I’ve been reading Dan Dennett’s book “Breaking the Spell” on and off this last month. It’s given me a new perspective on religion and the religious experience that I had not sufficiently appreciated before. (Dennett’s style is different to Richard Dawkins and Sam Harris in that he tries less to expose the logical inconsistencies of religion and more to understand why people would carry out such devotion to a deity or deities. It’s a challenging book for religous people, but not necessarily an offensive one).

So here’s my take. Religion thrives because it fits many of our basic human desires like a custom-made glove. Our desire for understanding the world around us. Our desire for protection in an uncertain world.  Our desire for hope, despite all that might happen to us. Our desire to be thought of as special. Our desire to make an impact in someone else’s life. Religion has co-evolved with us, becoming more sophisticated as our culture has developed. It provides the feedback mechanisms many of us so desperately crave for. It has a flexibility inherent in it, so that different people will find answers that suit their specific preferences, cultures and ages.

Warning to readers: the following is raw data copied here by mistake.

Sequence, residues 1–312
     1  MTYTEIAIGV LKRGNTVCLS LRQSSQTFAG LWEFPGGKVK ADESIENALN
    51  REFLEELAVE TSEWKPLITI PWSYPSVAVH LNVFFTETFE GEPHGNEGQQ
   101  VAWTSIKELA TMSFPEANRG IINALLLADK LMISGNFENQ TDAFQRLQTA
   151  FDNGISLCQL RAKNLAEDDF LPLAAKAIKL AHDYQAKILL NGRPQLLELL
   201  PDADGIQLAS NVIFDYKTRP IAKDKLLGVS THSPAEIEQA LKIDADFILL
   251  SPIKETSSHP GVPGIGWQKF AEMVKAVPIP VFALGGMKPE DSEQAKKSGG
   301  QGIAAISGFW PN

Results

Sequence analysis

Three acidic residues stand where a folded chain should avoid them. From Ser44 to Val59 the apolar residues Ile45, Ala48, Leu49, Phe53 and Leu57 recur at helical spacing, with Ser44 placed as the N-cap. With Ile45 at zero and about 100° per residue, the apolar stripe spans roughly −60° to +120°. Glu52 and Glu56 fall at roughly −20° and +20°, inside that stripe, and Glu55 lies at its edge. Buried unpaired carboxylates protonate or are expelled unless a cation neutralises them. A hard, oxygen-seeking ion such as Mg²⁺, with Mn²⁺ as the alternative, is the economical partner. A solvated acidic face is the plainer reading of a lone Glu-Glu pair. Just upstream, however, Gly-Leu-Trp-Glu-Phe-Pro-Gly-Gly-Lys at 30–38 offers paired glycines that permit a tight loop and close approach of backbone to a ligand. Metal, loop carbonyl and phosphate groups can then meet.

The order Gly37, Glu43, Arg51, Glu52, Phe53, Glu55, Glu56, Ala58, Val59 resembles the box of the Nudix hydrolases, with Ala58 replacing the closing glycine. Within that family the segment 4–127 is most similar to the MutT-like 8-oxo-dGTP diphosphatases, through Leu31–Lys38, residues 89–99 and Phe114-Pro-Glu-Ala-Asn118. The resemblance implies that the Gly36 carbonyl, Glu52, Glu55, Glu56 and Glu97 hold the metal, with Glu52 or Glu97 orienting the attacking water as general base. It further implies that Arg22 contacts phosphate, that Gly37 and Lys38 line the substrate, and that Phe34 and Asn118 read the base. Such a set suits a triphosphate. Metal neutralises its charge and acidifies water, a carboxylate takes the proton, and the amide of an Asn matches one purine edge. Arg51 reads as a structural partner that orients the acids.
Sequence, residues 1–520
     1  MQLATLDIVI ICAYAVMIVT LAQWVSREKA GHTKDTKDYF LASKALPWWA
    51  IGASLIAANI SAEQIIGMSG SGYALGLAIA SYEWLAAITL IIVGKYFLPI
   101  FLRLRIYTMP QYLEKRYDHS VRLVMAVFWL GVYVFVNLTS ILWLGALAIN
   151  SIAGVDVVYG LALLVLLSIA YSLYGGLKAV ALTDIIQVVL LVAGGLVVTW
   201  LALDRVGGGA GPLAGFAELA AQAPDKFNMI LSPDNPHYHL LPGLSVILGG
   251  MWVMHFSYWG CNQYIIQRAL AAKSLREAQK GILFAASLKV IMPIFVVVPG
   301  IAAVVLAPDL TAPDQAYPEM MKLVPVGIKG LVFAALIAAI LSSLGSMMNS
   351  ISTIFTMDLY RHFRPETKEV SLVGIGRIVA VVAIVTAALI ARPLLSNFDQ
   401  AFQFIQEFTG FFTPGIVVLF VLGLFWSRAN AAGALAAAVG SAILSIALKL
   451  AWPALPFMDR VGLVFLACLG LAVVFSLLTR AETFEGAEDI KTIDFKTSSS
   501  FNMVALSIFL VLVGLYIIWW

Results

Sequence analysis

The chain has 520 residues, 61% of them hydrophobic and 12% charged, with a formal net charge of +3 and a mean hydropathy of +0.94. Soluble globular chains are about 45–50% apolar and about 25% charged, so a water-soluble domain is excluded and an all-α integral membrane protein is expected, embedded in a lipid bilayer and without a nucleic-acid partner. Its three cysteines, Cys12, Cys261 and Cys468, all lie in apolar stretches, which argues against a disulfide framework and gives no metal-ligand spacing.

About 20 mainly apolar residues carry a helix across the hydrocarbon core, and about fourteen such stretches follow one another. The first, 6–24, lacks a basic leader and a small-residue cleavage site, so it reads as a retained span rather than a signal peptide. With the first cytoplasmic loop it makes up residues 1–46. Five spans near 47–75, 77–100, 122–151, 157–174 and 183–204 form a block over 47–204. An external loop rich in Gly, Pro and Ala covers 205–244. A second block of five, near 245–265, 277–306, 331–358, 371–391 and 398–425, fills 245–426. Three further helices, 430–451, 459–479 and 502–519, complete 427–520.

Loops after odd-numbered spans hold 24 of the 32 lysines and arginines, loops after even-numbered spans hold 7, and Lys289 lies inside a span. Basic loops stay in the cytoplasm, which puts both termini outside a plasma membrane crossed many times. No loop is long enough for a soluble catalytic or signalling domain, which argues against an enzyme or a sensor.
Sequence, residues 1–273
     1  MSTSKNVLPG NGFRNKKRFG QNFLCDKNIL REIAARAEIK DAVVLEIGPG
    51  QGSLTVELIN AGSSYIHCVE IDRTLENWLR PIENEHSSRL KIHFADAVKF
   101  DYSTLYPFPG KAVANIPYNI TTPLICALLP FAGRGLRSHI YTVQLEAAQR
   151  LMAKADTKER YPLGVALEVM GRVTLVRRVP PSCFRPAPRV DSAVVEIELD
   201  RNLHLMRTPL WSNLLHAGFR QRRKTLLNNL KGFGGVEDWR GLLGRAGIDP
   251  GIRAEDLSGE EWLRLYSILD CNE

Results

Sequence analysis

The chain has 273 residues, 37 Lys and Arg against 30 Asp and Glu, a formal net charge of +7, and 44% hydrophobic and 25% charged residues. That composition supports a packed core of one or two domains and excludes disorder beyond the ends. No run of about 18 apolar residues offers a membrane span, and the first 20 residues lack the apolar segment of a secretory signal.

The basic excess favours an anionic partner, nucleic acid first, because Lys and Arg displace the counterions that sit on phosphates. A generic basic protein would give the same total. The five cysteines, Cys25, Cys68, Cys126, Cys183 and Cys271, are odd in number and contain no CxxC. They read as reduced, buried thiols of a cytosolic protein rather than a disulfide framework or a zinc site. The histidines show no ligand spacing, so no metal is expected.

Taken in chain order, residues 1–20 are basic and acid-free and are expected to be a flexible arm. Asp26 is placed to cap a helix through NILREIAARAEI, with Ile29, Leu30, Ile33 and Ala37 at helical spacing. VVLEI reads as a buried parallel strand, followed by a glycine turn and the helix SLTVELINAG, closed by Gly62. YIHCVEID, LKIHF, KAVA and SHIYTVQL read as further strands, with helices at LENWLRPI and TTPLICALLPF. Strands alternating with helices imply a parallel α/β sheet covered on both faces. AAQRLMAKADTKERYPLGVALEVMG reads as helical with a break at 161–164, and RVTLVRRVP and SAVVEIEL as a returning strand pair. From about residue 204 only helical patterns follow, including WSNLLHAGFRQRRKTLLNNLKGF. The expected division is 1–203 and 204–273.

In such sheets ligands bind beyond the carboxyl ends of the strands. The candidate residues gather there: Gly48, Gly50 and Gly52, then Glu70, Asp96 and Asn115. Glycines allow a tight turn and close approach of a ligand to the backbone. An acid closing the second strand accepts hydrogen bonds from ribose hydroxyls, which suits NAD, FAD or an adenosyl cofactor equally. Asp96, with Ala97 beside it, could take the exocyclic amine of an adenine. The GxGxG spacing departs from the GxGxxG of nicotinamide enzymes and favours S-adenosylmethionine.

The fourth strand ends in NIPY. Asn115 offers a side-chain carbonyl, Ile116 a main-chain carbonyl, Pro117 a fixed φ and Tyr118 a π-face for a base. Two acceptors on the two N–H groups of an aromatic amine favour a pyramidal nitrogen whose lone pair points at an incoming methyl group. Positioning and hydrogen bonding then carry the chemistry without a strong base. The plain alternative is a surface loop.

In the end, maybe it’s all about love. People are inspired to do great things because of love. Love is all about abandoning one’s critical faculties, about commitment to someone or something, about sacrifice in the face of something bigger than oneself. Viewed from the outside it makes little sense, but for the person affected it’s a wonderful, uplifting, comforting experience. Love is vulnerable to manipulation, and in the extreme, people can be motivated to carry out the most appalling acts because of love. Love is blind, as they say.

Many commentators focus on the fear factor: the “believe this or else” sentiment. The “do that and you’ll go to Hell” sentiment. They assume that this is core to the religious experience. I’m not so sure. I think it might be more peripheral. I would even go to the extent that if people believe in a god purely because they are afraid of the consequences of not believing, then they haven’t quite grasped the religious experience. They may not even be religious at all. Telling someone that there are grave consequences to a simple transgression is far too ephemeral a reason on which to base a complete belief system. Our large prison population, for example, tells us that fear of getting sent down is a poor motive in preventing crime. So why should it be more successful in the case of belief? Fear, within the religious context, seems to be something that has more to do with organisational control than with religious belief. Religion plus fear is a powerful (and potentially destructive) force, but religion itself is not about fear.

These are my thoughts on the subject for what they are worth. I’d love to hear from you on this.

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